WHAT ABOUT FABRICATION? One thing is to operate an EV, but what about creating one? That must produce a lot of emissions. UCS also gave it some thought. It admits that producing an EV emits more greenhouse gases than producing an equivalent gasoline vehicle, principally due to the energy and materials required to make an EV battery. The reductions from driving an EV, however, more than make up for the higher manufacturing emissions because the majority of a vehicle’s lifetime greenhouse gas emissions occur during its use.
UCS determined that the average-efficiency EV with a 300-mile range battery reduces total lifetime emissions by 52% when compared to the typical gasoline sedan (32mpg). Compared to the typical gasoline pickup, an electric pickup truck cuts emissions over the course of its lifetime by 57%.
The breakeven distance is the distance an EV must travel before the savings equal the initial emissions debt incurred during manufacturing. Depending on the emissions linked to each regional electrical grid, several breakeven points exist. The average breakeven point for an electric car with a 300-mile range compared to the typical new gasoline sedan is 21,300 miles of driving, or 22 months based on average yearly driving, according to where the US population resides. When comparing an electric truck (300-mile range) to the typical new gasoline pickup truck, breakeven happens more quickly, at about 17,500 miles (17 months). View the featured image up there.
MATERIALS IN THE RAW AND RECYCLING There is widespread agreement among experts in the field that a raw material shortage is imminent. Simply put, there isn’t enough lithium, nickel, cobalt, and silicon to produce as many electric vehicles as those fueled by gasoline and diesel. A little less than 80 million automobiles and trucks were made in 2021, the most of them powered by internal combustion engines. Although there are supply problems, new technologies are emerging that can lessen their impact.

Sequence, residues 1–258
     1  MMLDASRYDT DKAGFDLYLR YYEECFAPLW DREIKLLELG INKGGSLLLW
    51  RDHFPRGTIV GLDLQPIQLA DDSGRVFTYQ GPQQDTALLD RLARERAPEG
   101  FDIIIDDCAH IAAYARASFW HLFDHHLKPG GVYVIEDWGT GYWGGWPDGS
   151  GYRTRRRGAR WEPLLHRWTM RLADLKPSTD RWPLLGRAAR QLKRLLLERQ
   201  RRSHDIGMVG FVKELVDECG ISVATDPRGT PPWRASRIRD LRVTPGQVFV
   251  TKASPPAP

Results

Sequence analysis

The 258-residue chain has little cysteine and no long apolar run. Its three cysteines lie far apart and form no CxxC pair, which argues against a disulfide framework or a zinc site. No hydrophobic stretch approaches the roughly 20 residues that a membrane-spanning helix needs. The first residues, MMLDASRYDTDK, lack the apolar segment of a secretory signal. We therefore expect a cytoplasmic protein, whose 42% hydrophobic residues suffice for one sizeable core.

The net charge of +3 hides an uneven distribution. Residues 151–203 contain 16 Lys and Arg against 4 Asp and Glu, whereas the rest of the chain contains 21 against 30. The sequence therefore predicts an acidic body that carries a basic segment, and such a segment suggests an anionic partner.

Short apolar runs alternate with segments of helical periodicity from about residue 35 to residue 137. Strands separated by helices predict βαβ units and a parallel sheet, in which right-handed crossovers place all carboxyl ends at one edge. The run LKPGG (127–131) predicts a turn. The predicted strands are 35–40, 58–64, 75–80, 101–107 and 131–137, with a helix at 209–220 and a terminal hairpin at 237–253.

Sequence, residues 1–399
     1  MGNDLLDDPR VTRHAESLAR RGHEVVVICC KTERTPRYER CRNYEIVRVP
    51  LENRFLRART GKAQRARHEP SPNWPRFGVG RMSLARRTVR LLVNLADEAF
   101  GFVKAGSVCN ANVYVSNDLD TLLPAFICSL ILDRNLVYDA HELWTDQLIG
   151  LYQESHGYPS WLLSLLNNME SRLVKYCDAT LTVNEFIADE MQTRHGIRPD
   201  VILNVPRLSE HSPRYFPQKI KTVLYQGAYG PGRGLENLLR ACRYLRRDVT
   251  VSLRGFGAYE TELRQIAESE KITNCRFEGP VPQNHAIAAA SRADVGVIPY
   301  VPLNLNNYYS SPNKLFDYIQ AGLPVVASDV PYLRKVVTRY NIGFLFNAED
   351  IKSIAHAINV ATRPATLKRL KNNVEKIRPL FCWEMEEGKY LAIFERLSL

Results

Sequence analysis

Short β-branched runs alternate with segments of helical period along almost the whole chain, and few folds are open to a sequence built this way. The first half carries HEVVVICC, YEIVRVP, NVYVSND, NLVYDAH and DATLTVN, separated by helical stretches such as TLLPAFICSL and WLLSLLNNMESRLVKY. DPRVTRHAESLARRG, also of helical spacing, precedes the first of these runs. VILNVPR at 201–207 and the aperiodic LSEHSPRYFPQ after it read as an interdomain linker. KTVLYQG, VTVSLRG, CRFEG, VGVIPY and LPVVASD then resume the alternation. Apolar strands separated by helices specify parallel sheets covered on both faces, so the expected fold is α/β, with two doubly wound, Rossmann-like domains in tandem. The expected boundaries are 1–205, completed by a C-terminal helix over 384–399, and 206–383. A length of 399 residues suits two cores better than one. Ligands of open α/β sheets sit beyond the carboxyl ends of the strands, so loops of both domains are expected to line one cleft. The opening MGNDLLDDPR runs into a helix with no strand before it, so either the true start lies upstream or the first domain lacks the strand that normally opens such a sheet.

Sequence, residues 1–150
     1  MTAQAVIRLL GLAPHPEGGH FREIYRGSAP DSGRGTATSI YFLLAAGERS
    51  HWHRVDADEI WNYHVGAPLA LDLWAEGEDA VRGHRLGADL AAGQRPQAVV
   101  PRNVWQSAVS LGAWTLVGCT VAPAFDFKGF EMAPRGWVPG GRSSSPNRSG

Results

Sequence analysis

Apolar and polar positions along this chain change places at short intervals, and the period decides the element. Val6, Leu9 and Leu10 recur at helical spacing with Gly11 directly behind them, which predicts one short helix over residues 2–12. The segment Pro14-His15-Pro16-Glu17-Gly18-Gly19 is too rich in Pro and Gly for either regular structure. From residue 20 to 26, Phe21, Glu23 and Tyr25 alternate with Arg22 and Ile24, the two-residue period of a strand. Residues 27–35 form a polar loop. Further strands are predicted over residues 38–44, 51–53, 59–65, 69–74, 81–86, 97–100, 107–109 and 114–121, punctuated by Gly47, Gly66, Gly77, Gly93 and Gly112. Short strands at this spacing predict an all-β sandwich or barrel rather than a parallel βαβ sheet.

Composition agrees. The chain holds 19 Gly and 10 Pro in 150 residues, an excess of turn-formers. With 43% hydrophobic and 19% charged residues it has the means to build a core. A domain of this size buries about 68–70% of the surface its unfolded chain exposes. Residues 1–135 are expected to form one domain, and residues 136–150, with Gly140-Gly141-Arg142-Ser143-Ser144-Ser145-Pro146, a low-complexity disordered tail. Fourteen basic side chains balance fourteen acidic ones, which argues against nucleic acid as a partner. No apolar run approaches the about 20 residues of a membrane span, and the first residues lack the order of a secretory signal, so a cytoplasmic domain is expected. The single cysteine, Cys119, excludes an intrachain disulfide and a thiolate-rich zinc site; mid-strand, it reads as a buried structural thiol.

There is an increase in battery recycling, which can recover up to 95% of the raw components present in modern batteries. Lithium, nickel, and other elements are being replaced by more plentiful materials like iron and salt in other technologies.
Just over ten years have passed since the advent of the electric vehicle. It took more than a century to perfect the internal combustion engine. Development of batteries and EV production is only getting begun. Large portions of recycled materials and newly developed technologies that are currently being perfected in labs all around the world will likely be present in the electric vehicles of 2030.
This is how the UCS summarizes it.
By using electric automobiles instead of conventional ones, air pollution and carbon emissions are reduced. We must hasten the deployment of EVs and make the switch to renewable electricity in order to maximize these reductions. To put the United States on a trajectory toward net-zero climate emissions by the middle of the century, these two transitions are essential.
To achieve this, it will be necessary to implement the appropriate legislative incentives to encourage the production and use of electric vehicles, much as government subsidies have contributed to the success of conventional manufacturers over the previous 100 years. (Government may be the issue, yet the interstate highway system and oil depletion allowances both contributed to the high vehicle sales.)
Drivers of all income levels and locations should be able to access EVs thanks to infrastructure expansion and vehicle incentives. According to UCS, all drivers should be able to transition from gasoline and diesel cars in order to fully profit from EVs. Yes, to that.